Casting was a matter of convenience over inspiration. Howard Keel had already cornered the Alfred Drake equivalency in Hlwd, and I can’t quarrel with him. He’s really quite the virile baritone, and I’ve come to like him on this journey. Ann Blyth is at least a better soprano than Kathryn Grayson, tho her personality isn’t much more fun. For me she’ll always remain, Veda—Mildred Pierce’s ungrateful daughter—but her oft worried face makes her look perpetually nauseous here and her line readings often verge on hysteria. She overacts like crazy. To be fair, Marsinah isn’t much of a role aside from warbling some gorgeous ballads. Much the same could be said for the Caliph. Vic Damone had a brief tenure at MGM, of which this was his capper. He comes across as little more than a pop singer uncomfortably stuffed into a costume role—and not one that does him any favors. The unfortunate head-piece he’s given suggests a woman’s coif more than a princely turban. Nor do his costumes help—he looks so feminized that if you squint you’d mistake him for Anna Maria Alberghetti. (She later played Marsinah in a 1967 ABC special.) Damone’s vocals on “Night of My Nights,” “Stranger in Paradise” & “And This is My Beloved” are so lackluster he doesn’t even attempt the high notes that Richard Kiley hit on Bway. Monty Wooley, once the mighty Man Who Came to Dinner, plays the poet Omar Khayam—as much a cameo role as a pointless literary reference. As the fatuous and impotent potentate, The Wazir, Minnelli chose not from the usual MGM stable (i.e. Keenan Wynn, Kurt Kasznar) but British actor Sebastian Cabot—whose greatest fame would later come playing TV “manny,” to bachelor Brian Keith’s orphaned godchildren on Family Affair. He underplays the Wazir so much you can see why they took away his song.
This was the second of four movies made by Dolores Gray in the mid-‘50s, and the one in which she looks least like a drag queen—the wide-mouthed hard-looking blonde mold for John Epperson’s deconstructionist drag diva, Lypsinka. Gray’s Lalume is the most vibrant presence in the film, and she socks the numbers over with her “warm brandy” voice and harem pajamas. She’s also a good match with Keel. As a spectator she seems an equal part of “Gesticulate,” tho it’s entirely Keel’s song. “Rahadlakum” is a guilty pleasure; as a seduction song I am seduced, but the number is rudely neutered of its bouncy song-length lead-in (“Virtue is the pathway to paradise…”) tho the DVD includes it in the extras—but only in B&W. Nonetheless, it’s a honey of a tune. “Bored” by its title risks boring an audience, and is often cut in productions, but Gray’s natural register suits the song beautifully and she sings it well. “Not Since Ninevah,” is a barn-burner of a number—I keep scratching my head for another song like it. It’s surely within the family of “Welcome To—”songs like “Consider Yourself;” “Christopher Street” “Grant Avenue,” and ”MacConnachy Square.” But it also has the feel of a stripper’s anthem. After Gray undersells the number—tho not in a bad way—we get the first of Jack Cole’s dance numbers. Recruited from the Bway production, Cole was a specialist in Asian and tribal dance moves, but seemed to be equally influenced by the school of bump & grind. Several scenes in the story involve slave girls who audition their wares to some very brassy ‘50s dance music. It’s that kind of show.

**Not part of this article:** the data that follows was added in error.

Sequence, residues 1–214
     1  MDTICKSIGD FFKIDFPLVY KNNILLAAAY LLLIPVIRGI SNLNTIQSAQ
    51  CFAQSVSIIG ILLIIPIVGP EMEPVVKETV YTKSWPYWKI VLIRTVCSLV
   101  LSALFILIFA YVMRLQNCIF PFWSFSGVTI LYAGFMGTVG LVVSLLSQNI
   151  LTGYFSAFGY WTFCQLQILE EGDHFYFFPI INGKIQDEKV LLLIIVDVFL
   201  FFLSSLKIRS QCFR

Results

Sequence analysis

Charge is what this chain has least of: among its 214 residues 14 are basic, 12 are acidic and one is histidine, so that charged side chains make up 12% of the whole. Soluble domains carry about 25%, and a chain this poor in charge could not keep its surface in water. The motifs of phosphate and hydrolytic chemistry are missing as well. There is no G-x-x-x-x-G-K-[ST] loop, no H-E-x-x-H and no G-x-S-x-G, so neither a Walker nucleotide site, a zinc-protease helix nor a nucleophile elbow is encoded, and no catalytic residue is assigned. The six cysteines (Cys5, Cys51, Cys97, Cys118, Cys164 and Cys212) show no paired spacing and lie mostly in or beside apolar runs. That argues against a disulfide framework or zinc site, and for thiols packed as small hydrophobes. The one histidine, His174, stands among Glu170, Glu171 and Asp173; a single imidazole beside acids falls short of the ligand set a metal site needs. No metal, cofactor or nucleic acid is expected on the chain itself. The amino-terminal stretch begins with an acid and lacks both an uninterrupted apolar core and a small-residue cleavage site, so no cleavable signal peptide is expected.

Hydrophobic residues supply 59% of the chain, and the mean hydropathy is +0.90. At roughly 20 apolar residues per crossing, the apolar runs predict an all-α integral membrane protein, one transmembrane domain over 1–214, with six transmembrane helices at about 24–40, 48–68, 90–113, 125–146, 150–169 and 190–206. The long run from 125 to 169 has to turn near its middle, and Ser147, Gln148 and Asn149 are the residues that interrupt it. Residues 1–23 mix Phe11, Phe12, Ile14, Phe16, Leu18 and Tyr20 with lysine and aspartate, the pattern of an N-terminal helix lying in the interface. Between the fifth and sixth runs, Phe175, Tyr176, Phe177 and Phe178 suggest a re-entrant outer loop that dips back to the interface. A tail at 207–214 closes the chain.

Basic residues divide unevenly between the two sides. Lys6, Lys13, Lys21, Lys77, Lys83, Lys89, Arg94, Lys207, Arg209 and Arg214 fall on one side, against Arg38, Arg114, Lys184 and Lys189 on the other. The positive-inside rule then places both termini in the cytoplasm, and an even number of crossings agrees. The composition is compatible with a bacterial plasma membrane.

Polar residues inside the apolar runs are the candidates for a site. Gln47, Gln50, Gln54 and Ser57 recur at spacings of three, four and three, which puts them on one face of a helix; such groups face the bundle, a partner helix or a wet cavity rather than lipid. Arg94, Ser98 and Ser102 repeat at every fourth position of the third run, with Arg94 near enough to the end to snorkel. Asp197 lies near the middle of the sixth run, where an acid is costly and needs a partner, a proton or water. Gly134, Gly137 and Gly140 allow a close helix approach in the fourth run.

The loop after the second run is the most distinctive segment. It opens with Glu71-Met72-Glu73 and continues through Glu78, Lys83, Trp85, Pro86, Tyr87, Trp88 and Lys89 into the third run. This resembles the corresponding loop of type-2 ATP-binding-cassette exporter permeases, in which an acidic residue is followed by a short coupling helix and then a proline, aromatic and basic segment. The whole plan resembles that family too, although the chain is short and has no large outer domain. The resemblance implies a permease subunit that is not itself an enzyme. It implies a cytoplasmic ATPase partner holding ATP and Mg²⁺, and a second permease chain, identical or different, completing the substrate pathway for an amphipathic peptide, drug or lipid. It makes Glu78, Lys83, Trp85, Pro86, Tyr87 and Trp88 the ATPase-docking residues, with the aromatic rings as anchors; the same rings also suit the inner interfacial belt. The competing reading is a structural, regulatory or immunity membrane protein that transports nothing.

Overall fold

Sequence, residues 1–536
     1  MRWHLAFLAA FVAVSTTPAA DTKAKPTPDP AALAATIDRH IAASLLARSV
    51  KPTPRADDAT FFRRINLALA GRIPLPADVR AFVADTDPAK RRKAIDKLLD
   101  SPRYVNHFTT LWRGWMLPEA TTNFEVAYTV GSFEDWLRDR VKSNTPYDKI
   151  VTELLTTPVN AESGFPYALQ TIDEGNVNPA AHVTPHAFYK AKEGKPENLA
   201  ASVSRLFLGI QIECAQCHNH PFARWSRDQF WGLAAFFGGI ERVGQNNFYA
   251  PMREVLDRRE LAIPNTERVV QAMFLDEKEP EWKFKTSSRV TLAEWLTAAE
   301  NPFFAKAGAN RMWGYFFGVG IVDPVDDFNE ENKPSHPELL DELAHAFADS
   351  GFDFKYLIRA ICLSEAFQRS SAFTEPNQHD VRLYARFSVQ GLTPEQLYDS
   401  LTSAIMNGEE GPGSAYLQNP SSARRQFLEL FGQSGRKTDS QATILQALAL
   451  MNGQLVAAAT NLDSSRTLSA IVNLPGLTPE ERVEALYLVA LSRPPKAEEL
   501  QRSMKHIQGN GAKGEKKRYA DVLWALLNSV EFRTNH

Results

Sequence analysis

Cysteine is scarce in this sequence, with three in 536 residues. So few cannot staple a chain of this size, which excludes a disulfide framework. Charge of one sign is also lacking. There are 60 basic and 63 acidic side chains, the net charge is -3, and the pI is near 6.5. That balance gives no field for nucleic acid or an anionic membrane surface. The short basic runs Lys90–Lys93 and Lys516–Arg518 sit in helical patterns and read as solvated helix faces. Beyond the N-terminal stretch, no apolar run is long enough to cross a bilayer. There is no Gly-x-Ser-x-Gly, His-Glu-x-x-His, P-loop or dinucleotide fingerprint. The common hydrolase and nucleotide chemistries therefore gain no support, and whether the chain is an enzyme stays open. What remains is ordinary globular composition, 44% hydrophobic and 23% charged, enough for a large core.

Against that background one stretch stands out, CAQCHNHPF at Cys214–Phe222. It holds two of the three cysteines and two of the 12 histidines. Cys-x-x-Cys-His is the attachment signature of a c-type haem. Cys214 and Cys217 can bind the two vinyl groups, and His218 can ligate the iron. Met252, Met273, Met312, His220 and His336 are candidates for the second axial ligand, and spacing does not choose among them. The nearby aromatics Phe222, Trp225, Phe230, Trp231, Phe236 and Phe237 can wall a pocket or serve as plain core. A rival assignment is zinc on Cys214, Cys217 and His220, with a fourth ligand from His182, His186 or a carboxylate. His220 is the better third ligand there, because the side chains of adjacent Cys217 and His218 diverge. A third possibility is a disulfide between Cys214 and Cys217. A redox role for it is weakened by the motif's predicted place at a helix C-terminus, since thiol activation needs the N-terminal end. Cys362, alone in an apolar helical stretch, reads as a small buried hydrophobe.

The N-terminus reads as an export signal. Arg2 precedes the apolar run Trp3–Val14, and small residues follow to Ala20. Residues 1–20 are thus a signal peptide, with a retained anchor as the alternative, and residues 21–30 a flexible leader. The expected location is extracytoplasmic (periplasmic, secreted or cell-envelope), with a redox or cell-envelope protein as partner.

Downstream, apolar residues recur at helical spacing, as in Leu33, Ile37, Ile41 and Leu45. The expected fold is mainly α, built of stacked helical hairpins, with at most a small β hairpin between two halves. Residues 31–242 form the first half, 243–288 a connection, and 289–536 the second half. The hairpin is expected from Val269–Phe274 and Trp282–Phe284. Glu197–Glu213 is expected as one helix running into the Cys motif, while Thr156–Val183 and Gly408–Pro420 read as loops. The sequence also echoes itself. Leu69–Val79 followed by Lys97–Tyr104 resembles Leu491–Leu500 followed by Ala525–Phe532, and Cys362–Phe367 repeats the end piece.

But nearly ever song in Kismet is engaging. I count no less than 7 numbers that for me are musical comedy bliss—or, if you will, aural rahadlakum—a colossal tally for any single show. “Stranger in Paradise,” is a real stunner of a ballad. The first section of the refrain is from Borodin, but the bridge beginning with “I saw your face, and I ascended…” is all Wright & Forrest. It’s an uncommonly long bridge (and has the wonderful lyric, “somewhere in space I hang suspended”) but leads back to Borodin making both look good in the process. The song was also catnip to pop vocalists in the ‘50s—my own personal favorite being Keely Smith’s swinging version. Unfortunately it’s not performed with much interest here; even its terraced garden setting, which is meant to ravish us (and should), looks entirely dressed in plastic foliage. Much better is “Baubles, Bangles & Beads,” with some genuine Minnelli magic; a market awash in silver and gold with pastel silks and satins—so striking in its uncommon palette. Here’s another great musical trope: Who Will Buy?—the great Market song. At least there’s some racial diversity in the street scenes. After the lily-white New York in Guys & Dolls (where Italians are the closest thing to an ethnic minority) it’s comforting to see at least some Asians and Africans part of the mix, for like Times Square this, too, is a crossroads of the world. More ethnics still are carrying the heavy, ornate bangled sculptures and rods in the Caliph’s wedding march, but “Night of My Nights” is dreadfully stagebound—a parade crossing screen right to left against a sharp light and nondescript background; the singing subdued where it should be celebratory. Butchered too is “And This is My Beloved,” a vocal quadrille taken from Borodin’s String Quartet #2 that does the masterpiece proud. Here it’s reduced to a quick demi-duet with Blyth & Damone, in separate spheres—a pallid affair, and a great disservice to one of the greatest vocal quartets. Tho often lackluster in performance, virtually the entire Bway score was used. “Rhymes Have I” and “Was I Wazir” were easy casualties, but the thunderous waltz taken from the Polovetsian Dances, “He’s in Love” is sadly missing, too. Doomed perhaps by its irrelevance in the show—it’s sung by an otherwise superfluous policeman to mislead a trio of foreign Princesses into thinking the Caliph is taken with them. Makes no sense, yet it’s such a grand song that stage productions usually include it. But it seems to me a better use would be as a finale. For then, aren’t the Caliph & Marsinah, as well as Hajj & Lalume, all truly in love? And if the score lacks anything it is an eleven o’clock number. “He’s in Love” would fit the bill splendidly. Instead we get the somber “Sands of Time,” not as a framing device as it was on stage, but as a final (previously unheard) musical number—an unfortunate choice for the film’s conclusion.